Network connectivity is another important aspect where Nokia hasn't scrimped in this downsized Lumia, with the 820 including 4G connectivity on compatible networks. This is great, especially considering that all Windows Phone 8 devices come with Internet Sharing built-in. We're also pleased that the operating system has an option in the settings to choose your "highest connection speed", letting you connect to 4G if you trust the battery life or dial it down to 3G or 2G if you need the battery to last longer.

Speaking of which, the 820's 1650mAh battery definitely could be larger. With most new phones pushing or exceeding 2000mAh battery capacity, we would like to have seen a bit more juice in this phone. The Lumia 820 lasted for about a day and a half with almost no use at all, but once we added a standard day's worth of calls, music and web browsing, this figure dropped to about 10-hours. This should be fine for light-to-moderate users, but it isn't recommended for business use.


Happily, a smaller, lower resolution screen doesn't mean a lower resolution camera. The Lumia 820 has a similar pixel-packing 8-megapixel image sensor as in the Lumia 920, though it lacks the optical stabilisation magic found in the more expensive model.

There is still Carl Zeiss glass in from of the lens, and our basic camera tests have all turned out quite well. Colours are usually well represented in shots, and the flash does a good job of filling in shadows on a close subject. Despite the shutter working extremely quickly, there was soft-focus across the majority of our photos. This isn't something you'll see when viewing the photos on the handset itself, but it is plain to see when they are blown up on a larger monitor.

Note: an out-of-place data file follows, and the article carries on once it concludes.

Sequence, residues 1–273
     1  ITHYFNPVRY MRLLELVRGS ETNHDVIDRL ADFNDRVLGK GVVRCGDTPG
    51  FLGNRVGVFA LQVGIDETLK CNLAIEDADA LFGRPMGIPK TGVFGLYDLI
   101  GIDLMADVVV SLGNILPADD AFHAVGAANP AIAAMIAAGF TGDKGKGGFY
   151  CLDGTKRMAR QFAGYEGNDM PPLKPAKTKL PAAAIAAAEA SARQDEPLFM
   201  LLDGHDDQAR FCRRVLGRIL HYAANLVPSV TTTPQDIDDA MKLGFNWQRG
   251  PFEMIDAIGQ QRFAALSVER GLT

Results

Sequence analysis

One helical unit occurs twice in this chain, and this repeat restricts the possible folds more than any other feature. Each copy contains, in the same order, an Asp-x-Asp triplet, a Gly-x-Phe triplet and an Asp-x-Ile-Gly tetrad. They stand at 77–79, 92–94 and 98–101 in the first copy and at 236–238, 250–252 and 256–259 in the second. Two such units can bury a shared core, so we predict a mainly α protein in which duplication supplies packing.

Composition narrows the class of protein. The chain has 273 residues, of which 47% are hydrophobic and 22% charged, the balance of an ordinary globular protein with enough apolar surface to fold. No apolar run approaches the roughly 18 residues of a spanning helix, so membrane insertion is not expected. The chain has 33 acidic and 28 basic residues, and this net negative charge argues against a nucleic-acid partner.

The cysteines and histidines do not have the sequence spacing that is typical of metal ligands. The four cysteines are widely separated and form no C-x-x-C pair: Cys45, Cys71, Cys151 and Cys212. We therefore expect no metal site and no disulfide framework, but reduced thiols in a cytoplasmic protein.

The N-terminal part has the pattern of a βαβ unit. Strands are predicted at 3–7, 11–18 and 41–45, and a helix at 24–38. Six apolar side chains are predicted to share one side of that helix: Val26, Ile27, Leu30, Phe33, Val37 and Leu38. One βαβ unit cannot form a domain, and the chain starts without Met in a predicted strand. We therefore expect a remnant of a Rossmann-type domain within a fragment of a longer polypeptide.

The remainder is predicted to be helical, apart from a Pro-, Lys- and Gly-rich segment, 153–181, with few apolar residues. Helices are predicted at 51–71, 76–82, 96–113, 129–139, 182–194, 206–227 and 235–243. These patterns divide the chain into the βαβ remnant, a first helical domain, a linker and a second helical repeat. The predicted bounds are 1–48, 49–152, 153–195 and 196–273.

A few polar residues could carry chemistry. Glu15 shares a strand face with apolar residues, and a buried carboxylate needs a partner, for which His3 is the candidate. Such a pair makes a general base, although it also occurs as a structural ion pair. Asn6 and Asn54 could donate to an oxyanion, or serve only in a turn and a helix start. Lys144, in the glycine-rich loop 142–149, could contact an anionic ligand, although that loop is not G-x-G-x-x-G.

(Credit: CBSi)

(Credit: CBSi)

App attack

As we mentioned in our Lumia 920 review, one of the more compelling parts of the newer Lumias is the excellent Nokia-developed software that comes preloaded on these models. We spoke about Nokia Maps and Nokia Drive, plus the awesome range of photography apps on offer — all of which are found on the Lumia 820. Then there is Nokia Music, which, while it competes with Xbox Music, stands out with its free-to-play Mix Radio function.

There is also a Nokia Care app built-in too, with user guides, tips and tricks, plus links to Nokia support pages.


With its bright, clear display, solid hardware and 4G connectivity, it's hard to consider the Lumia 820 to be a watered down version of the Lumia flagship, the 920. It offers the same power and performance, so there is no sacrifice in the everyday user experience for people who are looking for a smaller handset. You do miss out on the truly fantastic camera found in the 920 though, and we wish the battery here was larger, even if the 820 is a cheaper phone to buy. Plus, there is the same Windows Phone 8 quirks that annoyed us in the 920 here as well — and a lot of competition for your money in the AU$50 per month price bracket.